Director: Curtis Hanson. With Eminem, Kim Basinger, Mekhi Phifer, Brittany Murphy. (111 min.)Skip to next paragraph
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Sterritt ** See review.
Director: Nils Tavernier. With dancers of the Paris Opera Ballet. (100 min.)
Sterritt *** This graceful documentary explores dance, life, and love through interviews with gifted ballerinas at various stages of their careers. While more performance views would have been welcome, this is a treat no balletomane can afford to miss. In French with English subtitles.
Director: Todd Haynes. With Julianne Moore, Dennis Quaid, Dennis Haysbert, Patricia Clarkson. (107 min.)
Sterritt **** See review.
Director: Brian De Palma. With Rebecca Romijn-Stamos, Antonio Banderas, Peter Coyote. (110 min.)
Sterritt ** See review.
Director: Neil Burger. With Raymond J. Barry, Dylan Haggerty, Christel Khalil, Jack Tate. (88 min.)
Sterritt ** An unemployed newsman probes the story of an enigmatic neighbor who claims he wants to unveil his experiences as the second gunman in John F. Kennedy's assassination. This documentary-style fiction is no "JFK," but the story is weirdly compelling when it focuses on the journalist's growing paranoia as he plunges ever more deeply into a world of conspiracies that may or may not really exist.
Director: Luis Buñuel. With Monica Vitti, Jean-Claude Brialy, Michel Lonsdale, Michel Piccoli. (105 min.)
Sterritt **** Poker-playing monks, police looking for a missing girl who is right under their noses, and an uproariously bizarre dinner party are among the ingredients of this dreamlike 1974 comedy, directed by the greatest surrealist in the history of film. Made near the end of Buñuel's career, it's not his greatest movie, but it contains some of his most memorable moments. In French with English subtitles.
Director: Tom Rice. With Frances Fisher, Gary Cole, Tess Harper, Laurel Holloman. (93 min.)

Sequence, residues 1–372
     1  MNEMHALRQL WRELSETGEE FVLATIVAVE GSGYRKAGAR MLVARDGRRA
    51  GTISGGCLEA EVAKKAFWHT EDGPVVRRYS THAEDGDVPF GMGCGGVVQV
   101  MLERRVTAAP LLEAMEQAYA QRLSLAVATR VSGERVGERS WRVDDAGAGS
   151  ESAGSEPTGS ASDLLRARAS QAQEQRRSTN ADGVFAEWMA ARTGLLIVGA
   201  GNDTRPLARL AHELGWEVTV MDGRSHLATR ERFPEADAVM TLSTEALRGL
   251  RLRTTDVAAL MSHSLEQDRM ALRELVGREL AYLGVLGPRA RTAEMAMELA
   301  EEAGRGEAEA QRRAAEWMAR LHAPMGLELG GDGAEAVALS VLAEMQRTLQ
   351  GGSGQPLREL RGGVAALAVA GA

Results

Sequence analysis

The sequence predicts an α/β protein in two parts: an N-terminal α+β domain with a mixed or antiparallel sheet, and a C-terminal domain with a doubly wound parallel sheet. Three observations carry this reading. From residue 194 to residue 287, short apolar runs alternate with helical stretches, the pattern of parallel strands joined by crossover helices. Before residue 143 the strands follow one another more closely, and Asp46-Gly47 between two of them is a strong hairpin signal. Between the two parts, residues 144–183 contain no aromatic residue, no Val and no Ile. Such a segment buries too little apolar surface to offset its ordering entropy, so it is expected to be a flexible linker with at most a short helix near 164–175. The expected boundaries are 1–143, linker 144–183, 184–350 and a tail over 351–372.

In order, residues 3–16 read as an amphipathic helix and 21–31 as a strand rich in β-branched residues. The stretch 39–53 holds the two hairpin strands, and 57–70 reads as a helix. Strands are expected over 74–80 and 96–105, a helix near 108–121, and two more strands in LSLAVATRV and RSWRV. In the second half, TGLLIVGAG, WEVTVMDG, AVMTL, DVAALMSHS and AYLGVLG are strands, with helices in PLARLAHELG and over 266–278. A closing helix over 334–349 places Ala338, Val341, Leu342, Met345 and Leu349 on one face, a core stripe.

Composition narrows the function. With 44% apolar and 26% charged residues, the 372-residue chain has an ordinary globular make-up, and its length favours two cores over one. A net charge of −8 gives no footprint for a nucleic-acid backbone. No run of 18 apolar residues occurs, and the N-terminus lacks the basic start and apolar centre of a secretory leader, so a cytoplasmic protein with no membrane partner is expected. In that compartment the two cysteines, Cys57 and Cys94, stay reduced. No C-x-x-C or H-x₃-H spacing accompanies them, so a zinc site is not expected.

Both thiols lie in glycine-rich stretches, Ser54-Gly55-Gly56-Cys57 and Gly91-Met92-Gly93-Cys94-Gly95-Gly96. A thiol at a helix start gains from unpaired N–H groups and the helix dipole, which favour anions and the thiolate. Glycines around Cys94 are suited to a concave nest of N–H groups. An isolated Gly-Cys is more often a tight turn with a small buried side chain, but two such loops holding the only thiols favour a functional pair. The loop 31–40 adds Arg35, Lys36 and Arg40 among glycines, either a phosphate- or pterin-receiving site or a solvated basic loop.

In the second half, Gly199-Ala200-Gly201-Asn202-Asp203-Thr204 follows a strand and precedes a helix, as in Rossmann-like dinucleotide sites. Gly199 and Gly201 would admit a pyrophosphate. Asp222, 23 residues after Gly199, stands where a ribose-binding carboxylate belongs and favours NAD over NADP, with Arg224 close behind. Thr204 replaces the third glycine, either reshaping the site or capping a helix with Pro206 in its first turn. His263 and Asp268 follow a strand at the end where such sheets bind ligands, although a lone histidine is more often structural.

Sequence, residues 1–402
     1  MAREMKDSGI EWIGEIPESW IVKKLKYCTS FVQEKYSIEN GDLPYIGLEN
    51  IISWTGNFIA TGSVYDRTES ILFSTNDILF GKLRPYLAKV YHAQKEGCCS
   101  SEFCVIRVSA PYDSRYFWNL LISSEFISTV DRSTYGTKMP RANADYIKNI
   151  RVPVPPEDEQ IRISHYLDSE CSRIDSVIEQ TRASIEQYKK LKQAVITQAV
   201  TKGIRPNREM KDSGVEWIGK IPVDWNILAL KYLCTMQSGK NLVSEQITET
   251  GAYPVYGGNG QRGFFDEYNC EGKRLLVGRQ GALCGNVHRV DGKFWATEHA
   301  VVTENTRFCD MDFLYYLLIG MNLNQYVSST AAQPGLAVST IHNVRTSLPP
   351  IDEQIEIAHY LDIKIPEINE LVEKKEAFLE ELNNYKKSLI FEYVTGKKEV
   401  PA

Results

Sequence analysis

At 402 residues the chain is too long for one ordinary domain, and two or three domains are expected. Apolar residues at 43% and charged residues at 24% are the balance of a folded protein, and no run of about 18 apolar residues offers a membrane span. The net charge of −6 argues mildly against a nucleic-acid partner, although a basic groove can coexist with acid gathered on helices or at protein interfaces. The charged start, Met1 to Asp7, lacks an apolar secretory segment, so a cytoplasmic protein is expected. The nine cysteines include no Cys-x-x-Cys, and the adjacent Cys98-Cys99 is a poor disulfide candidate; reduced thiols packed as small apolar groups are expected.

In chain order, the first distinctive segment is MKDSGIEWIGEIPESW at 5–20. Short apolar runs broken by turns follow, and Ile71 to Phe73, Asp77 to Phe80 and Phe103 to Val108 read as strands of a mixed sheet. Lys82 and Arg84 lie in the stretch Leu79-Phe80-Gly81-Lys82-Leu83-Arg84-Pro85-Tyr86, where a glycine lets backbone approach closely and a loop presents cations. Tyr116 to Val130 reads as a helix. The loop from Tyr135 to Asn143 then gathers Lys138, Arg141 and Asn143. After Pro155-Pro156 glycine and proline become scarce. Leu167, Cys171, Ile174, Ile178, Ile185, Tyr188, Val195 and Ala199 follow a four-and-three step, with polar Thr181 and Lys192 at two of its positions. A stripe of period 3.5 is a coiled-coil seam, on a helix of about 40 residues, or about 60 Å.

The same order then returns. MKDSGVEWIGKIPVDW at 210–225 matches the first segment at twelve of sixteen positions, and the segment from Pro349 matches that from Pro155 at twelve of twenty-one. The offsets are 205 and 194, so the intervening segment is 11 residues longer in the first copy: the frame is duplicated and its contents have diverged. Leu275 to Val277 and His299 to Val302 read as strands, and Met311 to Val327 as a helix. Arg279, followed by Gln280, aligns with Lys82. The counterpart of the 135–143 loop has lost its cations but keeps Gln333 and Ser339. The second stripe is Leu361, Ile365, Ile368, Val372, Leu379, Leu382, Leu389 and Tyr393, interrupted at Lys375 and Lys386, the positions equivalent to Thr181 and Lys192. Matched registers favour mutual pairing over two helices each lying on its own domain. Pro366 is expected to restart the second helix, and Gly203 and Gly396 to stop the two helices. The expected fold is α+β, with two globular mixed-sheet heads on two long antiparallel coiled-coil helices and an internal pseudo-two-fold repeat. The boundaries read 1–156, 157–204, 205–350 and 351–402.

Sterritt ** Reading a stack of decades-old letters she's found, a woman learns about 1940s life in the Mississippi Delta through the words of her aunt, whose adventures included giving birth to a baby out of wedlock and having an African-American best friend. This low-key drama is always warm and mellow, although it doesn't build much of an emotional charge.
Director: Joel Katz. With Amiri Baraka, Abbey Lincoln, Pete Seeger, Michael Meeropol, Robert Meeropol. (57 min.)
Sterritt **** This film documents the story behind Billie Holliday's longtime association with the jazz protest song "Strange Fruit," including the tale of its authorship by a Jewish high school teacher in New York whose other good deeds included adopting the children of executed communists Julius and Ethel Rosenberg. This is a riveting treatment of a fascinating subject.
Director: Mike Leigh. With Timothy Spall, Lesley Manville, Alison Garland, James Corden. (127 min.)
Sterritt *** A downbeat portrait of Britain's working poor, focusing on an unhappy cab driver, his common-law wife, and their two grown kids, who make up in girth what they lack in civility. Leigh is at his best when etching their daily experiences and showing how a catastrophe delivers a crushing blow to their meager amount of hard-won comfort, and then encourages them toward new levels of loyalty and understanding. Unfortunately, the last portion isn't quite convincing in its elements of uplift and redemption.
Sex/Nudity: 6 scenes innuendo, implied sex. Violence: 2 scenes, including accident. Profanity: 126 harsh expressions. Drugs: 24 scenes of drinking, smoking.
Director: Christian Charles. With Jerry Seinfeld, Colin Quinn, Chris Rock, Garry Shandling. (100 min.)